Cnet Clashes with Parent CBS Corp., Reporter Resigns

By Stelter, Brian | Pittsburgh Post-Gazette (Pittsburgh, PA), January 20, 2013 | Go to article overview

Cnet Clashes with Parent CBS Corp., Reporter Resigns


Stelter, Brian, Pittsburgh Post-Gazette (Pittsburgh, PA)


There are companies with divisions that spend billions of dollars on entertainment. There are also companies with divisions that review new gadgets and sometimes champion the spectacular ones -- even those that challenge the status quo.

And when those divisions are owned by the same company, there is a chance that they will wind up in the kind of predicament that CBS Corp. found itself in last week.

A senior writer for CNET, the technology news website owned by CBS, resigned Monday after the site was barred from presenting an award to a company being sued by CBS. Greg Sandoval, a former reporter for The Washington Post and Los Angeles Times who has spent the past seven years at CNET, said on Twitter that he no longer had confidence "that CBS is committed to editorial independence."

Mr. Sandoval did not respond to an interview request. His resignation announcement came half an hour after another technology news site, The Verge, laid bare the details of the conflict.

The case started to unfold Wednesday, when CNET's employees did something they do every year: cast votes for the Best of CES Awards, the official awards program of the Consumer Electronics Show. For the Best in Show award, the employees chose the Hopper, a digital video recorder sold by Dish Network that allows users to skip ads on prime-time network television shows. Dish had showed off the newest version of the Hopper at CES, and CNET's reviewers were impressed by it.

But CBS claims the Hopper is illegal. Along with several other network owners, it went to court last year over the ad-skipping feature; the litigation is pending.

The vote created a "legal conflict for CBS," the CNET editor in chief, Lindsey Turrentine, said in an editorial Monday afternoon that confirmed the substance of The Verge's article. …

The rest of this article is only available to active members of Questia

Already a member? Log in now.

Notes for this article

Add a new note
If you are trying to select text to create highlights or citations, remember that you must now click or tap on the first word, and then click or tap on the last word.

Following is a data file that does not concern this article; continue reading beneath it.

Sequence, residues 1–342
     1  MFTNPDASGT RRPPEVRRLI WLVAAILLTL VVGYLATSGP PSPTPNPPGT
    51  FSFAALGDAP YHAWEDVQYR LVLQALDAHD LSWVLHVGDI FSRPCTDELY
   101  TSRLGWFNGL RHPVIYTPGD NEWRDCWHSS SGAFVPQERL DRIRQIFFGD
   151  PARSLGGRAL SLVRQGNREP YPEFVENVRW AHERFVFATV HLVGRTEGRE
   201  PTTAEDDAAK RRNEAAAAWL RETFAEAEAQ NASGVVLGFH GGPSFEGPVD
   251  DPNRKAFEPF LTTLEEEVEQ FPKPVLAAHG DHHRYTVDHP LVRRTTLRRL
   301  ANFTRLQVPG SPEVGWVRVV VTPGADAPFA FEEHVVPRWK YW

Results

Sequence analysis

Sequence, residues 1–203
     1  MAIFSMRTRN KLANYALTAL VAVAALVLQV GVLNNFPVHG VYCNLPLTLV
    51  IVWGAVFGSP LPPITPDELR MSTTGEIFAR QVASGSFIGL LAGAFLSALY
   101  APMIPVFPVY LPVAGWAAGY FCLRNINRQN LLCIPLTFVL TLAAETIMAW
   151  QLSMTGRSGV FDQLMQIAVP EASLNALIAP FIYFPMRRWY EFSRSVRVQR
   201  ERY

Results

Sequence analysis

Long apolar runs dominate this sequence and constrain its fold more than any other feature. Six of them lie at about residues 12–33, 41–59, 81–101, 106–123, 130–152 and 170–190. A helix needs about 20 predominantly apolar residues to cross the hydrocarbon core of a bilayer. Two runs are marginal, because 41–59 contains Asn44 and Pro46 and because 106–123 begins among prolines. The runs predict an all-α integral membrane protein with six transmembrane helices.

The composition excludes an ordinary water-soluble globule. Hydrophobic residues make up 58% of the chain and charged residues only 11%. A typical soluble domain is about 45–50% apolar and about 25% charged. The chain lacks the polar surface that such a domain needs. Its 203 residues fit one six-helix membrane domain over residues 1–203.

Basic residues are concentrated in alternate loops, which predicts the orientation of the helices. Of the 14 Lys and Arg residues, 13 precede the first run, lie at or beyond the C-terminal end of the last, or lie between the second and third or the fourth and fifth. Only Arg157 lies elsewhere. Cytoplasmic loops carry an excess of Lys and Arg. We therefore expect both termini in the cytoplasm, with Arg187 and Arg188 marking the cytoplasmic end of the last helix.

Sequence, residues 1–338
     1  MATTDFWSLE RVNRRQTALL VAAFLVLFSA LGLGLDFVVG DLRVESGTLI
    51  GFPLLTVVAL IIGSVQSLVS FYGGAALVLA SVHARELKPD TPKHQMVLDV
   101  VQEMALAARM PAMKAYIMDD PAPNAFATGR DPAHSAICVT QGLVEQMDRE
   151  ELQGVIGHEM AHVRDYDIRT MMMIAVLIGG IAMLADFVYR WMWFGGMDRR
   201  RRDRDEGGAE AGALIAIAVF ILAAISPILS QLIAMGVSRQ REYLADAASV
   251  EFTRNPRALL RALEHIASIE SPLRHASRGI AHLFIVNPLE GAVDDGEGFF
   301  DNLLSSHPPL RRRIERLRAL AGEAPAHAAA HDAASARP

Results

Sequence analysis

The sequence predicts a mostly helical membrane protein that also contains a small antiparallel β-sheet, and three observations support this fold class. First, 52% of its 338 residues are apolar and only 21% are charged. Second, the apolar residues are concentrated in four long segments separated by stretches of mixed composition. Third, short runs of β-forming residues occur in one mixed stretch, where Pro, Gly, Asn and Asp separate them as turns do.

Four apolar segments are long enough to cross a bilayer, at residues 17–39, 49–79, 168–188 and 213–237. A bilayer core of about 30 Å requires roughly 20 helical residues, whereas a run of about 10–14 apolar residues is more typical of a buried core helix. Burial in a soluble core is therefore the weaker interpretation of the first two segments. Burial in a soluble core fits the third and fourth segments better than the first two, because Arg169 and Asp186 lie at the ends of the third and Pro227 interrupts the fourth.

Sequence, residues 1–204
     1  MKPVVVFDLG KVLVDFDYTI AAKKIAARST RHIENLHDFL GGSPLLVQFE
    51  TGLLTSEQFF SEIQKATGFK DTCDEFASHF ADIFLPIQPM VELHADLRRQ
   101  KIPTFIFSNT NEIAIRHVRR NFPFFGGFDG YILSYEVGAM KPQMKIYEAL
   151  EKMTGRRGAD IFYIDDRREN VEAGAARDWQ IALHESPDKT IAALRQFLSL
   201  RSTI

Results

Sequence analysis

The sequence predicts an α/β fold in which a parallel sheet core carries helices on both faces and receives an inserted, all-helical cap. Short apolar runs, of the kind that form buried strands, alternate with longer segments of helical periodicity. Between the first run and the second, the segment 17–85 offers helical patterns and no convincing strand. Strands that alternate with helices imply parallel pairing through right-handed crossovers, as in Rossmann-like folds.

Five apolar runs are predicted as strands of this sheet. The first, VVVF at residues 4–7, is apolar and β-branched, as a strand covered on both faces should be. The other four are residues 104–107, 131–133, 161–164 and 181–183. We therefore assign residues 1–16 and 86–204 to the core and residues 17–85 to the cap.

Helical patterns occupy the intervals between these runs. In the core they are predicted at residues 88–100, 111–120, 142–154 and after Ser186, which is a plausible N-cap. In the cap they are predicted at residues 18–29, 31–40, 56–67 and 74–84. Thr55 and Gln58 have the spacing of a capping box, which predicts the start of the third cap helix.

One moment ...
Default project is now your active project.
Project items
Notes
Cite this article

Cited article

Style
Citations are available only to our active members.
Buy instant access to cite pages or passages in MLA 8, MLA 7, APA and Chicago citation styles.

(Einhorn, 1992, p. 25)

(Einhorn 25)

(Einhorn 25)

1. Lois J. Einhorn, Abraham Lincoln, the Orator: Penetrating the Lincoln Legend (Westport, CT: Greenwood Press, 1992), 25, http://www.questia.com/read/27419298.

Note: primary sources have slightly different requirements for citation. Please see these guidelines for more information.

Cited article

Cnet Clashes with Parent CBS Corp., Reporter Resigns
Settings

Settings

Typeface
Text size Smaller Larger Reset View mode
Search within

Search within this article

Look up

Look up a word

  • Dictionary
  • Thesaurus
Please submit a word or phrase above.
Print this page

Print this page

Why can't I print more than one page at a time?

Help
Full screen
Items saved from this article
  • Highlights & Notes
  • Citations
Some of your highlights are legacy items.

Highlights saved before July 30, 2012 will not be displayed on their respective source pages.

You can easily re-create the highlights by opening the book page or article, selecting the text, and clicking “Highlight.”

matching results for page

    Questia reader help

    How to highlight and cite specific passages

    1. Click or tap the first word you want to select.
    2. Click or tap the last word you want to select, and you’ll see everything in between get selected.
    3. You’ll then get a menu of options like creating a highlight or a citation from that passage of text.

    OK, got it!

    Cited passage

    Style
    Citations are available only to our active members.
    Buy instant access to cite pages or passages in MLA 8, MLA 7, APA and Chicago citation styles.

    "Portraying himself as an honest, ordinary person helped Lincoln identify with his audiences." (Einhorn, 1992, p. 25).

    "Portraying himself as an honest, ordinary person helped Lincoln identify with his audiences." (Einhorn 25)

    "Portraying himself as an honest, ordinary person helped Lincoln identify with his audiences." (Einhorn 25)

    "Portraying himself as an honest, ordinary person helped Lincoln identify with his audiences."1

    1. Lois J. Einhorn, Abraham Lincoln, the Orator: Penetrating the Lincoln Legend (Westport, CT: Greenwood Press, 1992), 25, http://www.questia.com/read/27419298.

    Cited passage

    Thanks for trying Questia!

    Please continue trying out our research tools, but please note, full functionality is available only to our active members.

    Your work will be lost once you leave this Web page.

    Buy instant access to save your work.

    Already a member? Log in now.

    Search by... Author
    Show... All Results Primary Sources Peer-reviewed

    Oops!

    An unknown error has occurred. Please click the button below to reload the page. If the problem persists, please try again in a little while.